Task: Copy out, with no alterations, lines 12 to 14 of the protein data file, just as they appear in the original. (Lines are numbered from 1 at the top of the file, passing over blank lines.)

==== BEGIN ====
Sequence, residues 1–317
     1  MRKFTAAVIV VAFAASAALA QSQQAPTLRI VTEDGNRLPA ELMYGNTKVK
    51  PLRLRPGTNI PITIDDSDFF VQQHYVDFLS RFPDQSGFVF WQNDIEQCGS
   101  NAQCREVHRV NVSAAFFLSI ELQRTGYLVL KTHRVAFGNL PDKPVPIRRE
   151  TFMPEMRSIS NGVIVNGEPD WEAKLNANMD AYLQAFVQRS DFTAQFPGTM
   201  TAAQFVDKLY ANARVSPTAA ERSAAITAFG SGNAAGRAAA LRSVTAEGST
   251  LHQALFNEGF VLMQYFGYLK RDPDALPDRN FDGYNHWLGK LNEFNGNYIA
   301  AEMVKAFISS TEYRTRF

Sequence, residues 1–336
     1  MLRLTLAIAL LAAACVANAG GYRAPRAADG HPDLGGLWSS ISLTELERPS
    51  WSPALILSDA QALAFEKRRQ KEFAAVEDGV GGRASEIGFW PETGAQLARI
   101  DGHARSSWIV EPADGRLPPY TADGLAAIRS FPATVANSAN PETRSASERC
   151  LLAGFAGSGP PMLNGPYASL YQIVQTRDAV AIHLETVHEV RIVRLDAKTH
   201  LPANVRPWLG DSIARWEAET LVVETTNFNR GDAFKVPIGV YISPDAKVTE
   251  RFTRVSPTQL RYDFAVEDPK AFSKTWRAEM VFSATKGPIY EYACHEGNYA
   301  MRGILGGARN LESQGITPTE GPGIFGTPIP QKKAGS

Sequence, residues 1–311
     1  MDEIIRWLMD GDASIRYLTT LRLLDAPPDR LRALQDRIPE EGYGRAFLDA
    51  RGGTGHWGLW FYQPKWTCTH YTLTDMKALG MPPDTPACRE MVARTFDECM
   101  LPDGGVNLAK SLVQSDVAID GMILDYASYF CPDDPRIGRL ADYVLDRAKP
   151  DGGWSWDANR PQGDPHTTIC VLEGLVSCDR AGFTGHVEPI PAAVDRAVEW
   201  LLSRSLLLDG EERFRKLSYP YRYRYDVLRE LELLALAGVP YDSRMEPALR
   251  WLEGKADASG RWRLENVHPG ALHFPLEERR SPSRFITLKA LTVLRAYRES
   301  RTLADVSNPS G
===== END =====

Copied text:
   101  DGHARSSWIV EPADGRLPPY TADGLAAIRS FPATVANSAN PETRSASERC
   151  LLAGFAGSGP PMLNGPYASL YQIVQTRDAV AIHLETVHEV RIVRLDAKTH
   201  LPANVRPWLG DSIARWEAET LVVETTNFNR GDAFKVPIGV YISPDAKVTE